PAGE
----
China, Rare Earth Minerals, and Nuclear Options
In 2010, China ceased exporting rare earth minerals (REMs) to Japan. Despite strangely coincidental timing, Beijing said at the time that its action should not be perceived as retaliation for its dispute with Tokyo over ownership of the Senkaku Islands or Japan’s then detention of the captain of a Chinese fishing boat. Beijing argued that it had, after all, also suspended its exports of REMs to the US and Europe, and had been steadily reducing its export of REMs since 2005.
It should therefore surprise no one that Beijing is reportedly considering restricting the export of REMs to the US, ostensibly in reaction to the escalating bilateral trade war. Doing so would be one of two “nuclear” options Beijing has at its disposal. The other would be to stop purchasing US treasuries (Beijing being their largest foreign purchaser, with Tokyo being a close second) or pick up the pace of selling US treasuries (which Beijing has been doing since 2013).
China produces approximately 80% of the world’s known REM supply, although only about a third of the world’s reserves are located there. The Chinese government claims it possesses less than 20 years-worth of medium and heavy minerals and must reduce its export of REMs to preserve its supply. Given that a minimum of 3 to 5 years are generally required to make new mines operational, additional alternative sources of REMs remain years away. Since 2010, a number of countries (Japan among them) have replaced Chinese-sourced REMs with that of other countries, such as Australia, Brazil, India, and Russia.
The US was, from the 1960s through to the 1980s, the world’s number one producer of REMs, sourced from the Mountain Pass mine in California, which was subsequently closed due to environmental issues associated with the disposal of toxic wastewater and an inability to compete with lower cost Chinese mines, which were not required to comply with the same degree of environmental restrictions. The mine was reopened in 2017 and now produces as much as 10 percent of global supply, but it remains dependent on China for ore processing. The US General Accountability Office calculated almost a decade ago that it would take up to 15 years for a domestic REM industry sufficient to meet America’s needs to be re-established.
The fact that REMs are in limited supply and used to produce a wide array of products that are either in high demand, critical to green technology or have military applications, complicates matters. The US is indeed vulnerable, but not as much as it used to be. In 2018, the US purchased less than 4 percent of Chinese REMs, which is not difficult to understand when one considers just how much of America’s manufacturing base has been shifted outside the country over the past two decades.
A wholesale and sustained cessation of the export of REMs to the US or other countries seems unlikely. If Beijing were to implement a ban, it may prompt companies from around the world to reconsider whether they wish to continue to maintain their manufacturing base in China, or in other countries heavily reliant on China. The global supply chain is multifaceted and resilient, so while an export ban on the US would ultimately impact many of the countries US companies do business with, as was proven in the 2010 Japanese example, smugglers and black marketeers will find ways around any such ban, just as they currently do to bypass American sanctions against Iran and other countries.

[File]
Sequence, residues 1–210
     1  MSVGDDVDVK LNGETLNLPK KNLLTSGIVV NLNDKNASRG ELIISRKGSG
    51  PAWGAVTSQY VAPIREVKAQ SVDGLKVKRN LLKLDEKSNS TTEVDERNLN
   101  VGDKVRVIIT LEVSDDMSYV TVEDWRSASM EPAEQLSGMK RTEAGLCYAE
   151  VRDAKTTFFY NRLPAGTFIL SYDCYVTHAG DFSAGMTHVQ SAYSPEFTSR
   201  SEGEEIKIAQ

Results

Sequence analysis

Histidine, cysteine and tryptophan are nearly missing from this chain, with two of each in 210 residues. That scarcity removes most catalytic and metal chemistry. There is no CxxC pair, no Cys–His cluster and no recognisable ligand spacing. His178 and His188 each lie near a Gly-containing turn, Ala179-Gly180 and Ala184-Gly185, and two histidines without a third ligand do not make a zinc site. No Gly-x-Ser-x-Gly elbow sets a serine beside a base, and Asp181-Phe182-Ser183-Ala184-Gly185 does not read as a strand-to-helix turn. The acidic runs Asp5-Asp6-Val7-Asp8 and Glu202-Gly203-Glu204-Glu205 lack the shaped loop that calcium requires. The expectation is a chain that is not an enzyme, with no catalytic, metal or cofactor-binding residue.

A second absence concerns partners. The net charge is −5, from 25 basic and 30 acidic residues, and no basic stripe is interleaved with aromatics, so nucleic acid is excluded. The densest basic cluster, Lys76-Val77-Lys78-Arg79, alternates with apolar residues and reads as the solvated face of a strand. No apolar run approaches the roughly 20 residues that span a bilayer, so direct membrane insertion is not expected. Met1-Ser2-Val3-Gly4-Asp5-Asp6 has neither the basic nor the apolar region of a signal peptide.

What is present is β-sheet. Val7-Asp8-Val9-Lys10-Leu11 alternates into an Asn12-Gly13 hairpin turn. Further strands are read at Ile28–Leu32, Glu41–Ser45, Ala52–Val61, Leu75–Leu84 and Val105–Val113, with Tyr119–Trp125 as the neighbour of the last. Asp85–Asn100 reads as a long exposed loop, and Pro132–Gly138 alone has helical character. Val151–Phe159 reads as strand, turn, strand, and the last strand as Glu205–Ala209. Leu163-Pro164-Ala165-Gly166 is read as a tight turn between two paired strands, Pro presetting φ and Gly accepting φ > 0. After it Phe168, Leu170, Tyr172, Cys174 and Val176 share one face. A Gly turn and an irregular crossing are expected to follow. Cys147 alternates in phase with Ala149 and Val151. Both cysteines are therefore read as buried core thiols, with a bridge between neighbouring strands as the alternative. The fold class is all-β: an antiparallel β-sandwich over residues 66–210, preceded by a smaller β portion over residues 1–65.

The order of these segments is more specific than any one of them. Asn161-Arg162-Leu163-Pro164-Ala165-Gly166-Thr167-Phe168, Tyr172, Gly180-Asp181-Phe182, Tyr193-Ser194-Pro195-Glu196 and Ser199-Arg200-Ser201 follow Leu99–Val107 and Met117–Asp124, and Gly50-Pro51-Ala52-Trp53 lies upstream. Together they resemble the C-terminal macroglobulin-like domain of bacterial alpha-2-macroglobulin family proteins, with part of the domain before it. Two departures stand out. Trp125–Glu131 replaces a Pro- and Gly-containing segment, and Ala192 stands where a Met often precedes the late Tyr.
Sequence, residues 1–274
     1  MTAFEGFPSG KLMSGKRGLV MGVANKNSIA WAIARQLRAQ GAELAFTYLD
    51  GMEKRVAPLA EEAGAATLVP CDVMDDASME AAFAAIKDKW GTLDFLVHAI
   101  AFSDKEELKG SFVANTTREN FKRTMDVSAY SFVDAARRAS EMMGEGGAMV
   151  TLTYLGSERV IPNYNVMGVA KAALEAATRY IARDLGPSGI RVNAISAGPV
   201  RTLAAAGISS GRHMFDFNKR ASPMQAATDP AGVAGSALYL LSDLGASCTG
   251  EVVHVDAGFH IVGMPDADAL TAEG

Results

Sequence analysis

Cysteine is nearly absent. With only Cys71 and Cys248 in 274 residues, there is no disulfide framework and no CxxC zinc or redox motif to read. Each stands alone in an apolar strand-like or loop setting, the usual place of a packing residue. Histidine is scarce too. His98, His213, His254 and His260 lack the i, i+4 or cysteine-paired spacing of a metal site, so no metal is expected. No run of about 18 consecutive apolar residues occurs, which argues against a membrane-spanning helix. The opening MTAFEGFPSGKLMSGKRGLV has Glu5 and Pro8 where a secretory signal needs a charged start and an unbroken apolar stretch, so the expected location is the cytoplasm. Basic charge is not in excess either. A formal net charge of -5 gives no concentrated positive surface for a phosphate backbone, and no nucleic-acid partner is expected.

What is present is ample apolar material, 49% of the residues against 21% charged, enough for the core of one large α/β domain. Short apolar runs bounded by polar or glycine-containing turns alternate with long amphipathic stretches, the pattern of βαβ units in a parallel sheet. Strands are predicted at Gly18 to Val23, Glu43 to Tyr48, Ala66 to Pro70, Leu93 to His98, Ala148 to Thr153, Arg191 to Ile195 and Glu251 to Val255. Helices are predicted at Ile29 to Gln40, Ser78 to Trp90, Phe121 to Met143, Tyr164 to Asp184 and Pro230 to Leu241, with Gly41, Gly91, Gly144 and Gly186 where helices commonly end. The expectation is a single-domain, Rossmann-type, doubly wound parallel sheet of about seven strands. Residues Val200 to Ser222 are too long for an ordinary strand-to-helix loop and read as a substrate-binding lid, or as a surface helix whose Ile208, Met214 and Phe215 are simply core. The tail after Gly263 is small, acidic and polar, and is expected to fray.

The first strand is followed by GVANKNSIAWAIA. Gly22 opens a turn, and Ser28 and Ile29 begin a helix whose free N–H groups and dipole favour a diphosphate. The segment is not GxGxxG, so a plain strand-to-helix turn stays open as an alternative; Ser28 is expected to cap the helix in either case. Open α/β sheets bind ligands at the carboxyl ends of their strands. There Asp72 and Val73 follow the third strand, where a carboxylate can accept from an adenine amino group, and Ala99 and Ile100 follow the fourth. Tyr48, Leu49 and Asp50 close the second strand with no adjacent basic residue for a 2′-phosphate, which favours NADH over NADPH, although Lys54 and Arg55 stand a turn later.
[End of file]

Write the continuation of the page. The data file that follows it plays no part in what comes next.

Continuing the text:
The trade war is serving to demonstrate that China is as vulnerable as any other country to trade sanctions and that its own actions can have a profound impact on the Chinese economy. It also serves to re-emphasize that US businesses are as guilty as those from any other country for choosing to make China a centerpiece of their global operations. They have only themselves to blame for continuing to remain in China despite the passage of numerous laws that severely restrict how they may operate and what they must give up–in terms of knowledge, production technology, and intellectual property–for the privilege of doing business in and with China. At what point does the price become too high? The time has come for many companies to address this question.
In a world in which interconnectivity and dependency define the trade and investment landscape, the luxury of pulling high stakes triggers and expecting few enduring consequences has largely disappeared. China’s rare earth bravado failed to achieve its objective in 2010 and it will fail again now if implemented. Given that Trump has proven-again and again that he is willing to go the mat in negotiations with adversaries, there should be little doubt in Beijing’s mind that should it decide to impose an export ban on REMs, the US will respond in kind.
As for Beijing’s ongoing status as the top purchaser of US treasuries, if it continues to sell them, Tokyo will become their top foreign purchaser, which suits it just fine. And, as the world becomes ever more economically nationalistic, it should not come as a surprise to learn that the number one purchasers of US treasuries-by a wide margin-are, in fact, US citizens. That should serve as a reminder that China has less of a chokehold on the US economy than it might imagine.
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